Debuted in 2013
Plot in 3 Sentences: Sarah and Duck go shopping for Christmas lights, but can’t find anything that they like. When they get back home, they follow a glowing ladybug through a hole in the hedge, where they discover flowers with colorful shining petals and ornaments growing from the ground. They take some of them home and decorate their tree.
Fun Fact: This was the final episode of the show’s first season.
My thoughts: I was not surprised to learn that this show, which is geared toward preschoolers, has a following among adults. There’s something really warm and cozy about it. The show ran for three seasons between 2013 and 2017 on CBeebies, which is the BBC’s children’s programming network and won a BAFTA for preschool program in its second season. Each show episode consists of three animated shorts, during which 7 year old Sarah and her best friend, Duck, have an adventure or solve a problem. The show is narrated by Roger Allam (who originated the role of Inspector Javert in the London version of Les Miserables) and in addition to narrating the episode, he occasionally speaks to the characters and offers them helpful advice. There are a number of recurring characters with names like Umbrella (he’s afraid of rain), Scarf Lady and Bag (who is a talking knitting bag belonging to Scarf Lady). What I love about this short is how magical it feels, with the secret glade and its otherworldly glowing flowers. It’s all very colorful, beautiful and sweet, with a perfect ending, in which Sarah gazes at the decorated tree and just says the word, ‘Christmas’ with the most satisfied joy. Especially recommended for those who love kids with British accents.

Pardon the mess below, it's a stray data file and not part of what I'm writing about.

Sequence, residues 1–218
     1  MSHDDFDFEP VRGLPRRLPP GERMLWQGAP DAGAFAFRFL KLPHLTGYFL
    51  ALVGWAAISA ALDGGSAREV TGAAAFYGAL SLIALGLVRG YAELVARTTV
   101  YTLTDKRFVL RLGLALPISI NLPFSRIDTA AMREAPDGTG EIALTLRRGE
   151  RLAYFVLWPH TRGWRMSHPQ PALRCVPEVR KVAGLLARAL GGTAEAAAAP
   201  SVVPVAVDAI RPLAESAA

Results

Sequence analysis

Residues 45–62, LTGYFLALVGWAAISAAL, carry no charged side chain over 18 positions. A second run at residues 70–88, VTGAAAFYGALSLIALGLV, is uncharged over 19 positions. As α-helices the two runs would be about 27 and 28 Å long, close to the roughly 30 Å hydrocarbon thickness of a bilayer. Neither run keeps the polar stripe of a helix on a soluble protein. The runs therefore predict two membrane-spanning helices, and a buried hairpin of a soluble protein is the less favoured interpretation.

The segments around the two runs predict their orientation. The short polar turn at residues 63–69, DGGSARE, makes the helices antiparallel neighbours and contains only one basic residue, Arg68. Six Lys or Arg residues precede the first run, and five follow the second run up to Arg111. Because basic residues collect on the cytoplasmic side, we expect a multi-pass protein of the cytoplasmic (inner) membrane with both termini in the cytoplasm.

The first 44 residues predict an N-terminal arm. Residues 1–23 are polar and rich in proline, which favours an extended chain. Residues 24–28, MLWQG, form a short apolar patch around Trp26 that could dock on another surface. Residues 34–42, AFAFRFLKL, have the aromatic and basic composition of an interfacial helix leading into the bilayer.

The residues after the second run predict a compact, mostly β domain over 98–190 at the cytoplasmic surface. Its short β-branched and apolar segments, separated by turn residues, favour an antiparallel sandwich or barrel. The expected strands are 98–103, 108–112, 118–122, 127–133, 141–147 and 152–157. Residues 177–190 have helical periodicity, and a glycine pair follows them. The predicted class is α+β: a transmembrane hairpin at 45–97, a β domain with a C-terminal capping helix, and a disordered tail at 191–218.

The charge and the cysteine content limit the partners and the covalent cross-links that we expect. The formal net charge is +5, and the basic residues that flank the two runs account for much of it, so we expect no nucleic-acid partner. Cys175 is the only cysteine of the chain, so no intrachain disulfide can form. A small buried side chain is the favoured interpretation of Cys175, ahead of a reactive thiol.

I feel your pain, Sarah. I’ve seen cringe-worthy trees, too.
It’s a good harvest of tree lights this year.
Duck is useful for plucking baubles out of the river.
Well worth all the trouble. Their decorations are lovely.
Individual Superlative: Most Quackable Theme Song – Go ahead and try not to quack along with Duck during the short (but really contagious) theme song. I dare you not to quack.
Want to Watch it? Sarah & Duck: Petal Light Picking is available on DVD and typically turns up during holiday programming.
Debuted in 1999
Plot in 3 Sentences: Robbie shows up to train for Santa’s sleigh team as a navigator, but Blitzen tries to prevent his success because he hated Robbie’s father. Blitzen convinces Robbie that he’s unfit so he leaves and tries his hand at toy making with the elves, who suggest he hire a trainer. He just barely loses the Steeplechase at the Reindeer Games, but then it’s discovered that Blitzen was using performance enhancing drugs, so Santa chooses Robbie.
Fun Fact: It’s played for comedy that Blitzen never lets anyone say the name of Robbie’s famous red-nosed father, but it’s actually because of copyright law.